Three signs of hope

Nevertheless I see three important signs of hope for the church in Europe.

1. Revival movements in the established churches. It is special that the Anglican Church in UK was the cradle of some major movements that influenced the church in may parts of Europe and in other parts of the World, like the Alpha course (I can testify how several people came to faith through Alpha in my traditional Protestant Church in R’dam, where I served as a pastor for 8 years). But also other movements like ‘New wine’, ‘Charismatic Movement’ and an interdenominational movement like ‘ Together for Europe’. But look also to revival movements in the RC church, like Focolare, Egidius movement, Chemin Neuf. Last year my church participated in receiving guests from different parts of Europe who attended the European Taizé meeting in Rotterdam. It is quite an experience to sit and pray together with 30.000 young people from across Europe. The participants stayed with church members in the region, they only had a simply copied A-4 booklet as their conference handbook. It was all organized low budget, but the participants were very attentive.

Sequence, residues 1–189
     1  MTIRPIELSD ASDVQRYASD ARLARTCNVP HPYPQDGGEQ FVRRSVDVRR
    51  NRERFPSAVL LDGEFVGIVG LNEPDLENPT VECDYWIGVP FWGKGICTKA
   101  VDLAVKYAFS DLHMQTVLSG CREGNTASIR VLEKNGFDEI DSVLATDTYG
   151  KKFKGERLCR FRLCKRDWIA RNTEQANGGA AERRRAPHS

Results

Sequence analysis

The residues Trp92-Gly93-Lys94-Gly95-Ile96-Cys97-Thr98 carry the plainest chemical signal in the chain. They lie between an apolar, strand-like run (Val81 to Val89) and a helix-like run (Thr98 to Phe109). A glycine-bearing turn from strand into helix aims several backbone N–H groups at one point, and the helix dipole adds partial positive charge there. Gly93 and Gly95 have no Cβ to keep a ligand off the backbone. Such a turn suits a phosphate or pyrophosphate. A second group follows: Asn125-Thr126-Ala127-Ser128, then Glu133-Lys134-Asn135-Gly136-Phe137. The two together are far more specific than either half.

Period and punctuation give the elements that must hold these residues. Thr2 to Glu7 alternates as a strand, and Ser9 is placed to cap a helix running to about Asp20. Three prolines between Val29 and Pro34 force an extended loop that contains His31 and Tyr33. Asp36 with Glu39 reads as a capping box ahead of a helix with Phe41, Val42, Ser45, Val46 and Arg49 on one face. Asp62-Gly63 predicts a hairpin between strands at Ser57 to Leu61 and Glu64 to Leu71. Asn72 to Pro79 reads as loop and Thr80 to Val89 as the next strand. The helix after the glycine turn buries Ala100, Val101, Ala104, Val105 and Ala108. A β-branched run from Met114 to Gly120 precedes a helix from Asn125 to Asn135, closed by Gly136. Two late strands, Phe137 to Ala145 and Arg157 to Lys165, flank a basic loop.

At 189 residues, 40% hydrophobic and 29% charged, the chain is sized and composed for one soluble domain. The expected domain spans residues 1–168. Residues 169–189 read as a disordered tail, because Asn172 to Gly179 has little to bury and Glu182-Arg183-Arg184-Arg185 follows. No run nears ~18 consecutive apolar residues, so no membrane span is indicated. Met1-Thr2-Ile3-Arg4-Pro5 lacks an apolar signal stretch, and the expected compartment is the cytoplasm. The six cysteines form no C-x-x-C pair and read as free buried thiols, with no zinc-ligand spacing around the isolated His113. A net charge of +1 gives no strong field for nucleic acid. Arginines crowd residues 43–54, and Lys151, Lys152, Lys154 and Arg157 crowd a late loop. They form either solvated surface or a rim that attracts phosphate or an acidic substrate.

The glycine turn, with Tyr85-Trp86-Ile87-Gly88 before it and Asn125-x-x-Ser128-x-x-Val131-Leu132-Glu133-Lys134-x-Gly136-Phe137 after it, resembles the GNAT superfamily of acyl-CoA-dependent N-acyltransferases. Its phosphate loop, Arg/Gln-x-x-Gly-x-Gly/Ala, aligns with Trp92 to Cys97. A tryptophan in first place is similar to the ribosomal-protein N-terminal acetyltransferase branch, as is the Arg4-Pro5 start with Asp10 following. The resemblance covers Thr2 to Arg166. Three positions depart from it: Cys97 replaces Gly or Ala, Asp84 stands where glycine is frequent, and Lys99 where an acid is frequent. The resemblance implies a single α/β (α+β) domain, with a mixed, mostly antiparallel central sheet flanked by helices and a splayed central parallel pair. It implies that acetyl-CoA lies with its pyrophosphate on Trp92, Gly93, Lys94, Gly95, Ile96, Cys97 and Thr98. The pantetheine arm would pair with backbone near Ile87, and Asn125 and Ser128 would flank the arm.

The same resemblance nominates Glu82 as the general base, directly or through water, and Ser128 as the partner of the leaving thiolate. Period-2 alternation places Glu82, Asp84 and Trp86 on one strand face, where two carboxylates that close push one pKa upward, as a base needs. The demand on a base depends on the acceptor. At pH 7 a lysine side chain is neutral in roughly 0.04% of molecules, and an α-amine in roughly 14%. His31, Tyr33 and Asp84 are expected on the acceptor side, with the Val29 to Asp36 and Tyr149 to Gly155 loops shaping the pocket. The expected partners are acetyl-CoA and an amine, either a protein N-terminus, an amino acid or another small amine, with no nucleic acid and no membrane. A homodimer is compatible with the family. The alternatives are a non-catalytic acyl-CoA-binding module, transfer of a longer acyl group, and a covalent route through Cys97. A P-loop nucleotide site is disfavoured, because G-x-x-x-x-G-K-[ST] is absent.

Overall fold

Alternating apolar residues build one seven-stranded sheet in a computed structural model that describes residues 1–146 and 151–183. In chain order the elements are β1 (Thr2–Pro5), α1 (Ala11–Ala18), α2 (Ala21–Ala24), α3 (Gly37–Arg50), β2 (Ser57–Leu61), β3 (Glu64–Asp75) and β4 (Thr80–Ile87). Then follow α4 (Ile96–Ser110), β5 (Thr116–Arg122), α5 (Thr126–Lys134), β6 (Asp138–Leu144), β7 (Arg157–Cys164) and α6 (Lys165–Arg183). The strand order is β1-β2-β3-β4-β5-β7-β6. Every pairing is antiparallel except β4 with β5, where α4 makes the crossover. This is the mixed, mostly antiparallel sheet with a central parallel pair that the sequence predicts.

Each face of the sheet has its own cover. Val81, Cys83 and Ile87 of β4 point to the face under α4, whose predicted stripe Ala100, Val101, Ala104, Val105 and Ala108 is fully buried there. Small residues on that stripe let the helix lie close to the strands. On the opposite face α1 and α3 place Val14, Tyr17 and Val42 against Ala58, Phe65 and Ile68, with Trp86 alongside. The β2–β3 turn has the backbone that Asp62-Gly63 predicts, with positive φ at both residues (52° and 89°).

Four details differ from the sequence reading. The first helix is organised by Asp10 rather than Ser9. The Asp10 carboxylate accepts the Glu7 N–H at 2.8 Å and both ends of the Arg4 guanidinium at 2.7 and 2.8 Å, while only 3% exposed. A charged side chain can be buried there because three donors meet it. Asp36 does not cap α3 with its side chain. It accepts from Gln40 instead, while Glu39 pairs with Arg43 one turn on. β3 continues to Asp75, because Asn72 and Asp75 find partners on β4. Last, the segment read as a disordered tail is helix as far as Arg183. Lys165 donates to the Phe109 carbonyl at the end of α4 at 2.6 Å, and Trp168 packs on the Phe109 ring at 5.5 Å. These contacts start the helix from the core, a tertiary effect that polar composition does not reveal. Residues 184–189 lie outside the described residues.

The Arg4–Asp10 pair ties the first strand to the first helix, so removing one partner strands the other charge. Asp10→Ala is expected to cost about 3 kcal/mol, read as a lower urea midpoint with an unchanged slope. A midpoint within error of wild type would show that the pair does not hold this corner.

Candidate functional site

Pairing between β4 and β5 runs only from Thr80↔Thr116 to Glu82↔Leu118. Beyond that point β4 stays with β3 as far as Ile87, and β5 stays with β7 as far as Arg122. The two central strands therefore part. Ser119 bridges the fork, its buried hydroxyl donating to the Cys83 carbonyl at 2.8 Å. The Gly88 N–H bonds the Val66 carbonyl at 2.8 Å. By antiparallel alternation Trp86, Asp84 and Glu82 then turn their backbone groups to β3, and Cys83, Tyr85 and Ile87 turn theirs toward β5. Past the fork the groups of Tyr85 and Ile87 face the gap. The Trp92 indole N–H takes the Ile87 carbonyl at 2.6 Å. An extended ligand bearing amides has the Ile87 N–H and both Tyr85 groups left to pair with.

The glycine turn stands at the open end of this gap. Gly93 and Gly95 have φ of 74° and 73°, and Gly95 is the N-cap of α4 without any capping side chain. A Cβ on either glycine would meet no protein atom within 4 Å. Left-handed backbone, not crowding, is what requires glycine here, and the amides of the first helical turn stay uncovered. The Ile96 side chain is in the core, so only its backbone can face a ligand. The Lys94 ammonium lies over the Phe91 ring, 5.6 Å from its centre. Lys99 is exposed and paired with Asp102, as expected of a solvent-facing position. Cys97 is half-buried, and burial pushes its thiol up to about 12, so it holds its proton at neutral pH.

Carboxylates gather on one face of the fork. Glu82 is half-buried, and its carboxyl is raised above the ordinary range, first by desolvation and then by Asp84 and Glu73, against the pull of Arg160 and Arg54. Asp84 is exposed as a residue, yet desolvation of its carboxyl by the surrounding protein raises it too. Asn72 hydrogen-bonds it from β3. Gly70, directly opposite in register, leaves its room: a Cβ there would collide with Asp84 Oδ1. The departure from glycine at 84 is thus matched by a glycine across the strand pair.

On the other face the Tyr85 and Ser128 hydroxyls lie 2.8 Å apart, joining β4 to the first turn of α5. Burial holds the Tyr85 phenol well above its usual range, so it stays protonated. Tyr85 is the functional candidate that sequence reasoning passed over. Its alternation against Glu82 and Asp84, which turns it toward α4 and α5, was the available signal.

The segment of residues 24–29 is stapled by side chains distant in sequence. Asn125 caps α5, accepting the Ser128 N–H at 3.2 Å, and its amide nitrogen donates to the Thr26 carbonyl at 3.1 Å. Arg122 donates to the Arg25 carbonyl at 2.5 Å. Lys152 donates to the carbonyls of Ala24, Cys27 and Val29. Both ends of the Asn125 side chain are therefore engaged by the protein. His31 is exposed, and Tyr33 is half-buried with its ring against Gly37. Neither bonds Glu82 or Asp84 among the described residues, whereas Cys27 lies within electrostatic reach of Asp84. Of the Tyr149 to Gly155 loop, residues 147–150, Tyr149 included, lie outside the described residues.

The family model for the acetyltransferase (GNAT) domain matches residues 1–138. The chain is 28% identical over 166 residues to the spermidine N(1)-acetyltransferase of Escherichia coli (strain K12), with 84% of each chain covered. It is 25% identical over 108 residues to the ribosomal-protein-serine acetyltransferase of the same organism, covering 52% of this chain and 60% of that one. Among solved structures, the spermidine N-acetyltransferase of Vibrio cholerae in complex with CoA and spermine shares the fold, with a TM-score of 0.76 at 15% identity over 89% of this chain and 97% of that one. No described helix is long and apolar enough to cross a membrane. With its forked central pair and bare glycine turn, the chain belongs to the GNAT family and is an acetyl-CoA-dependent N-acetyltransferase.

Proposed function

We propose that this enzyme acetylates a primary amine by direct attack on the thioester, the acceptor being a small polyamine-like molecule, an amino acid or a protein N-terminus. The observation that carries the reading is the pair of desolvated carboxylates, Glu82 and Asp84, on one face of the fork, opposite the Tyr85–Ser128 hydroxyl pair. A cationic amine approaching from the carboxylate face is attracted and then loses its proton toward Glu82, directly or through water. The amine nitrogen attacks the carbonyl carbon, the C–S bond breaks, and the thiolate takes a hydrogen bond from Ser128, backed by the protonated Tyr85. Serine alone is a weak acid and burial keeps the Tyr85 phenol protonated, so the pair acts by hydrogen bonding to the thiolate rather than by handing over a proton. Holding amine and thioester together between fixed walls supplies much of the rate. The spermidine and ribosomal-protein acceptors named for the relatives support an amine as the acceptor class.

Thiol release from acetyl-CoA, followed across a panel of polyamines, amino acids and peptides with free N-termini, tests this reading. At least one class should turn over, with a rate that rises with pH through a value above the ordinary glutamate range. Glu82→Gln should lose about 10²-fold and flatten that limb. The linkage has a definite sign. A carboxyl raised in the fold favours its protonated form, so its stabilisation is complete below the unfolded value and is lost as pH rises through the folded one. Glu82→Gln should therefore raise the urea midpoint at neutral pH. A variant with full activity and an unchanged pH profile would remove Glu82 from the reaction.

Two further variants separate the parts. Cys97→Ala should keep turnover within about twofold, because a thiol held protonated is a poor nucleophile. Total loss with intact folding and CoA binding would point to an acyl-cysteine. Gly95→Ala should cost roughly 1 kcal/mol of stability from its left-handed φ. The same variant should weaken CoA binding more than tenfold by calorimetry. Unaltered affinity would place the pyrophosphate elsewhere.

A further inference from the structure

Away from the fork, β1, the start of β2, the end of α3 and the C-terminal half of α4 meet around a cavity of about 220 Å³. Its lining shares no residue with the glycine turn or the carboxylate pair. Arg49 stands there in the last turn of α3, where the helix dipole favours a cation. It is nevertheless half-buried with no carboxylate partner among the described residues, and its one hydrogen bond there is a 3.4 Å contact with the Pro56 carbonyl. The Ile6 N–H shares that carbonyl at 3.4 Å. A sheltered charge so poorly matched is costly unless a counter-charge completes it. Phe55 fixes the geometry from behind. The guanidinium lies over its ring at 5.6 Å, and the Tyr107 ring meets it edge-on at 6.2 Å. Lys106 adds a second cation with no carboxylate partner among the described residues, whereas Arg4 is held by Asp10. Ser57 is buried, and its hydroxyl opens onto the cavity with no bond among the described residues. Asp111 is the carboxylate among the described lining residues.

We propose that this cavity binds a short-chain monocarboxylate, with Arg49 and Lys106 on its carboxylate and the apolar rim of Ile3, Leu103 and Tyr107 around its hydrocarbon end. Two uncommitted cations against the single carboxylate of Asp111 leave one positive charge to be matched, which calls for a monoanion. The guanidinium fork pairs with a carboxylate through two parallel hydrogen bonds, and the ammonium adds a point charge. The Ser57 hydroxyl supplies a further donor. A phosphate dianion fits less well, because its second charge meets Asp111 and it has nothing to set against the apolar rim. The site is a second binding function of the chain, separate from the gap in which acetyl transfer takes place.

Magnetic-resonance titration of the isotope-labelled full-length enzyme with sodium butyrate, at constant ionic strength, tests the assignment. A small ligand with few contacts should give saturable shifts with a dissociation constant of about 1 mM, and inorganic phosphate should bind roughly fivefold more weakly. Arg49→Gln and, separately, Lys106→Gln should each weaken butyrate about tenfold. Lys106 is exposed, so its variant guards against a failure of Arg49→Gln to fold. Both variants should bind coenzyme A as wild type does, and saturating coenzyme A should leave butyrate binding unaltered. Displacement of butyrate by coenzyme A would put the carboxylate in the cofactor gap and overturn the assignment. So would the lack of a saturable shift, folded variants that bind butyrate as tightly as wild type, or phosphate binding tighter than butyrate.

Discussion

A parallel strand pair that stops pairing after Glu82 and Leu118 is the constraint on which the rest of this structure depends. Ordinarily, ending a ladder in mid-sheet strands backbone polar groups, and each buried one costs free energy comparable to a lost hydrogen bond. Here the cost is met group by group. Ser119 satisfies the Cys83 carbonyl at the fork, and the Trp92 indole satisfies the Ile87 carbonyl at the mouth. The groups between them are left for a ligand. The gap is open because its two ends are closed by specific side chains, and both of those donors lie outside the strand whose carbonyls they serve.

There are remarkable expressions of emerging churches including new types of monasticism in their practice.

2. Migrant churches in E. Migrant churches are the fastest growing churches in Europe. The biggest ones in Kiev, London being Nigerian. In nearly all big cities in (Western) Europe the dying established churches can be confronted by vibrant, dynamic, growing migrant churches with a very non-Western liturgy but also a very non Western approach in helping their members to face the social day to day challenges like housing, educating children, employment, financial crisis etc. Recently in the city of Rotterdam is was calculated that the common effort of the migrant churches to help migrants with social problems helped the city council to save over 4 million Euro!